You’re eager to make nice with the local officials and to start your business off with a good name. You tell your crew waiting for you that they are going to have to wait a little longer, no more than a week for the application to be submitted but that all the needed documentation is all there. You have a client waiting on an order once the permit is approved and reassure her that all will soon be in order.
Next, Tuesday, you get back to the town clerk, Town Clerk takes a long look at your application and accepts all your documentation. He gets ready to give you a receipt but, oh, suddenly a notification popped up on his screen. He begins reading to you some archaic provision that says applications submitted after the date you first visited will have to wait until the new submission cycle begins at the start of the upcoming fiscal year—six months away.
You go back to your Jeep or bike or hybrid and hold onto the steering wheel for a good 10 minutes before leaving the parking lot—just to feel what it is like to sit in a stalled dream.
The pain that creatives face is not the heft required to pull wrenches out the system or the long hours it takes to see a project through to completion, to midwife a dream. Creatives aren’t afraid of labor pains. Their greatest heartbreak is a deliberate and calculated slow down.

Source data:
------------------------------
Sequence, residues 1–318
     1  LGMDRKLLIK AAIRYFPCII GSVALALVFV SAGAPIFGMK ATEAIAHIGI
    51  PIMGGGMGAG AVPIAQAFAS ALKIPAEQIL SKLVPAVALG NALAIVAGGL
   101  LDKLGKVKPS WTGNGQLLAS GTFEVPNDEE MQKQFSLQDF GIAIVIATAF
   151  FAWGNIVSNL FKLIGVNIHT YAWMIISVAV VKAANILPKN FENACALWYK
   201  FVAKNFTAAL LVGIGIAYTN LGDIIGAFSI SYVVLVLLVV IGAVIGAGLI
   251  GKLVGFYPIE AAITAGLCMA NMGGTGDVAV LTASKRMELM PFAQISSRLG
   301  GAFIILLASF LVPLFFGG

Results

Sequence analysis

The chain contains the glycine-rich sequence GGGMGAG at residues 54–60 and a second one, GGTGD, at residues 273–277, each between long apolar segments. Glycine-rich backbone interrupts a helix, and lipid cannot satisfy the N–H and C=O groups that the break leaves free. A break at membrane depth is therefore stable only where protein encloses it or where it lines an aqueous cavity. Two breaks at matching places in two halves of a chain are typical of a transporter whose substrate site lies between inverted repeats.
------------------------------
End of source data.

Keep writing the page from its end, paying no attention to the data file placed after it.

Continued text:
Creatives aren’t afraid of labor pains.
Unfortunately, business people often view bureaucracy that way—when at least at the federal level there are guidelines in place for consumer and citizenry protections. Governments that function well want to issue out as many licenses and permits as they can within because it helps get more business ideas up and running, creates more jobs and gets more money circulating in the economy.
As a small business owner, I am actually thankful when notified about a new compliance rule or filing requirement. I am appreciative because that means there is a watchdog looking out for me—making sure I don’t get tangled inadvertently in a statue I need to be aware of. I am appreciative because it also means there is a watchdog group looking out for my employee(s), making sure they hold me accountable to fair and equitable business practices.
The danger that I’ve faced is not the regulatory aspect of running a business. In fact the IRS has been helpful to me. The most damaging thing that happened to me in any business endeavor is in the bottlenecking of the production process.
Sometimes intra- and inter-organizational politics are far more damaging than the straightforward compliance requirements from state and federal agencies.
I was taught you work and you go home—that work is left at work. That’s easiest to do that when you believe your work aligns with a what you hope betters the world. It’s most terrifying when you feel you are just following orders. Worst if you believe that the hope you've cast into what you do, will be cast into a future that will distort it.